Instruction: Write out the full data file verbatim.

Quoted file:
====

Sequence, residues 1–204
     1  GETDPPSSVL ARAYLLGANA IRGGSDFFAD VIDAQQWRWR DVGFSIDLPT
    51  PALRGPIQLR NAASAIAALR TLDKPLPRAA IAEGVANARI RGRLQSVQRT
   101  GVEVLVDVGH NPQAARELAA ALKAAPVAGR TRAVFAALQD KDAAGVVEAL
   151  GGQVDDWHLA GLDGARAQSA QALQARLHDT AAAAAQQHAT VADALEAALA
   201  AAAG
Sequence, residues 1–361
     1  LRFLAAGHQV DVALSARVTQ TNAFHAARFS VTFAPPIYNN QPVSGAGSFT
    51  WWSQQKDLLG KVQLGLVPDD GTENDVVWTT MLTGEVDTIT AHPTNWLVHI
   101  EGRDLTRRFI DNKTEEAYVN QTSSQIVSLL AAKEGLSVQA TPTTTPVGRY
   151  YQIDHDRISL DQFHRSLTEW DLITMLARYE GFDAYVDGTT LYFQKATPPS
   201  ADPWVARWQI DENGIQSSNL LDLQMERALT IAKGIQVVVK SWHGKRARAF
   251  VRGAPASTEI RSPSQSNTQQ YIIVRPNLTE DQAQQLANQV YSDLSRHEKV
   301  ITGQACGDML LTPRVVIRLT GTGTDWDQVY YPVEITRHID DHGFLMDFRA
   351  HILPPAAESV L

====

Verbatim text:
Sequence, residues 1–204
     1  GETDPPSSVL ARAYLLGANA IRGGSDFFAD VIDAQQWRWR DVGFSIDLPT
    51  PALRGPIQLR NAASAIAALR TLDKPLPRAA IAEGVANARI RGRLQSVQRT
   101  GVEVLVDVGH NPQAARELAA ALKAAPVAGR TRAVFAALQD KDAAGVVEAL
   151  GGQVDDWHLA GLDGARAQSA QALQARLHDT AAAAAQQHAT VADALEAALA
   201  AAAG
Sequence, residues 1–361
     1  LRFLAAGHQV DVALSARVTQ TNAFHAARFS VTFAPPIYNN QPVSGAGSFT
    51  WWSQQKDLLG KVQLGLVPDD GTENDVVWTT MLTGEVDTIT AHPTNWLVHI
   101  EGRDLTRRFI DNKTEEAYVN QTSSQIVSLL AAKEGLSVQA TPTTTPVGRY
   151  YQIDHDRISL DQFHRSLTEW DLITMLARYE GFDAYVDGTT LYFQKATPPS
   201  ADPWVARWQI DENGIQSSNL LDLQMERALT IAKGIQVVVK SWHGKRARAF
   251  VRGAPASTEI RSPSQSNTQQ YIIVRPNLTE DQAQQLANQV YSDLSRHEKV
   301  ITGQACGDML LTPRVVIRLT GTGTDWDQVY YPVEITRHID DHGFLMDFRA
   351  HILPPAAESV L